International football is a weird spectacle.
Plenty of teams are blessed with a roster of top level individuals ready to report for international duty whenever the time comes, but cannot find a way to get those players sparking together when the time is right - definitely not England and English players. Definitely not.
On the contrary, there are often circumstances where the international stage is lit up by a familiar name every few years, despite that player not actually amounting to much at club level. With an honourable mention to Gareth Bale who is great at club football but only in it for the Wales squads, here are the top 30 footballers who prefer national football to the domestic game.
30. Peter Crouch (England)
Everyone's favourite bag of limbs Peter Crouch was a top class player, but nobody really appreciated him. A Premier League 100 club member, he is too good for this list, but he was a bit of a cult hero in an England shirt.
22 goals in 42 England caps is a rather impressive strike rate, and he boasts an iconic celebration in the robot. Robot for domestic clubs? No chance. But for England? All day Crouchy, you crack on mate.
29. Jermain Defoe (England)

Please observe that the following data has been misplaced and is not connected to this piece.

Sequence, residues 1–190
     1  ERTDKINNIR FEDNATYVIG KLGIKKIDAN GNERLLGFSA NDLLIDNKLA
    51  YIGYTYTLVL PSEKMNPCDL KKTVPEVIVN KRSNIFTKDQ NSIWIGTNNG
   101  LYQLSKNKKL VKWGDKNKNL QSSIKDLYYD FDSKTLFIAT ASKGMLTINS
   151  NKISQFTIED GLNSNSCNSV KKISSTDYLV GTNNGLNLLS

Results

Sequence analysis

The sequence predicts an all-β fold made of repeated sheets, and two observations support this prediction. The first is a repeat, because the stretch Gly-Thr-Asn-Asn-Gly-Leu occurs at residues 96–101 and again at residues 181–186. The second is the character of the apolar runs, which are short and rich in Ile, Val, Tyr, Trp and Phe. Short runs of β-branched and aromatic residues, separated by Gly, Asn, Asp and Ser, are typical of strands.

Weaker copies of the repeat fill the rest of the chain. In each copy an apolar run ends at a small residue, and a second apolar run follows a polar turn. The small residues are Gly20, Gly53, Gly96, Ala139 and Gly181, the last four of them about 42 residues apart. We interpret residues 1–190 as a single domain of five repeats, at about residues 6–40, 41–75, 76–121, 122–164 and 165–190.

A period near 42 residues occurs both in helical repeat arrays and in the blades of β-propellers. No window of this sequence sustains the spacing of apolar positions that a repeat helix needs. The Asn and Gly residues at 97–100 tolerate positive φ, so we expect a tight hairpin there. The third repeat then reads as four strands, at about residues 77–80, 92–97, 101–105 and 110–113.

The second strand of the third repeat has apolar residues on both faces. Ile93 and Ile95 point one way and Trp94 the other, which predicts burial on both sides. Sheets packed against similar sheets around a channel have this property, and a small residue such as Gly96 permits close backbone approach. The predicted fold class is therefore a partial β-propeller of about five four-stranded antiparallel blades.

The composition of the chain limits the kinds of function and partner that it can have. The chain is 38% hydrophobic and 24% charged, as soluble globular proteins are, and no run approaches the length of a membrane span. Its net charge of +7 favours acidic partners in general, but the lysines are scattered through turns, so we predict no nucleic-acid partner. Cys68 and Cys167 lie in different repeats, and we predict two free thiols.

By no means was Jermain Defoe bad at club level. In fact, he was pretty damn good for West Ham and Tottenham. For whatever reason, though, he was never a team's top option or wanted by England's greatest sides. Never held in top regard.
When he pulled on the Three Lions shirt, though, he continually proved that he was more than capable. Defoe was a reliable hand and bagged 20 goals from 57 caps.
28. Jordan Pickford (England)
Gareth Southgate must be using different milk for Jordan Pickford's cereal and protein shakes at St. George's Park.
At club level, Pickford is fine at best for Everton, yet error-prone and inconsistent. But with the Three Lions, he finds a new gear and becomes the reliable, modernised keeper that the Toffees thought they'd bought in 2017.
27. Andrej Kramaric (Croatia)
After flopping at Leicester following his 2014 move to the Midlands, nobody really thought they'd hear much of Croatian striker Andrej Kramaric again.
Since then, he's been great at a mid-to-low level in the Bundesliga, but turns into a world beater for Croatia. Kramaric is always in the national team squad without fail and is regularly turned to when needed to put in a shift for his nation.
26. David Healy (Northern Ireland)
Breaking through at Manchester United, David Healy made one league appearance for the Red Devils before setting off on a career path that was never really higher than bottom of the top flight/mid-range second tier.